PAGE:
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Garlic chicken

July 1, 2011

Sometimes I cook. Sometimes when I cook, I get really excited and share this fact with my friends. Sometimes they ask me for recipes. Today was one of those times.

Alton Brown rocks. Here is his recipe for 40 Cloves and a Chicken. Unless you don’t like roasted garlic or chicken, you should probably make it at the first opportunity. I take a few liberties with the recipe on account of my general laziness. Rather than using a whole chicken, I use dark meat only, and usually only when it goes on sale.

Publix had leg quarters on sale this week, so I got a couple of packages and garlickified them. This yielded enough garlic chicken for three meals: we ate one portion tonight, and I put the other two in Foodsaver bags in the freezer for when things are just not happening in the kitchen department and I need to pull dinner out of a hat.

The general process is as follows:

Preheat the oven to 350. Heat some olive oil in a skillet over medium-high heat. Salt and pepper the skin sides of your chicken pieces. Put the pieces skin side on side down in the skillet and brown them. While they’re still pretty side down, salt and pepper the other side. Then brown that side too.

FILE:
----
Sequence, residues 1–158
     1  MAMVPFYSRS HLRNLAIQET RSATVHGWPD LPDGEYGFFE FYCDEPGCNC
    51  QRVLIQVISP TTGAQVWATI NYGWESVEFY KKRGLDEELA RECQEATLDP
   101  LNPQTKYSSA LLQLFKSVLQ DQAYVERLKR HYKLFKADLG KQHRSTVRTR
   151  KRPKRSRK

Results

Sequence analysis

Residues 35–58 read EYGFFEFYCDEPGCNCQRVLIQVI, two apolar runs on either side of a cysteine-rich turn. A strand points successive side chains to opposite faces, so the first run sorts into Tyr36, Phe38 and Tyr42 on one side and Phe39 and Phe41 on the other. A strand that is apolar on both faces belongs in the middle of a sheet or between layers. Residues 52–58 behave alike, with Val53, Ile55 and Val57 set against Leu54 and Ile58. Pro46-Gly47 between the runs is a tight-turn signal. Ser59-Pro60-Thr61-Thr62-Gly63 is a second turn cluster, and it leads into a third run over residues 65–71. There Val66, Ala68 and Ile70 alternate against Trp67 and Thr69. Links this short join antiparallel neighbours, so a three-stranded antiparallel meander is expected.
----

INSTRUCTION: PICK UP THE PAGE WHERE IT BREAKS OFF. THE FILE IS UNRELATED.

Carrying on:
Since I usually make this dish in bulk, I can’t just put the skillet in the oven like Alton does, so I transfer the browned chicken to a casserole dish and/or an enameled cast iron dish, then brown some more chicken.

When all the chicken is browned and put into ovenproof dishes, I put a bunch of peeled garlic cloves in with them. I don’t count my garlic cloves like Alton does. I also buy containers of peeled garlic cloves and use them straight from the container, owing to my laziness and failure to set higher standards concerning garlic.

To the ovenproof dishes containing browned chicken and garlic, I add olive oil. I don’t measure it like Alton does. I probably use more than he does. I like my garlic to be pretty well protected by oil. If I have thyme sprigs handy, I add them. If not, I don’t worry, because it’s going to be good even without thyme. Then I cover the dishes and bake them for an hour and a half.

When the chicken and garlic are done, we eat some and let the rest cool so I can put some chicken and roasted garlic cloves in gallon size Foodsaver bags to vacuum seal freeze.

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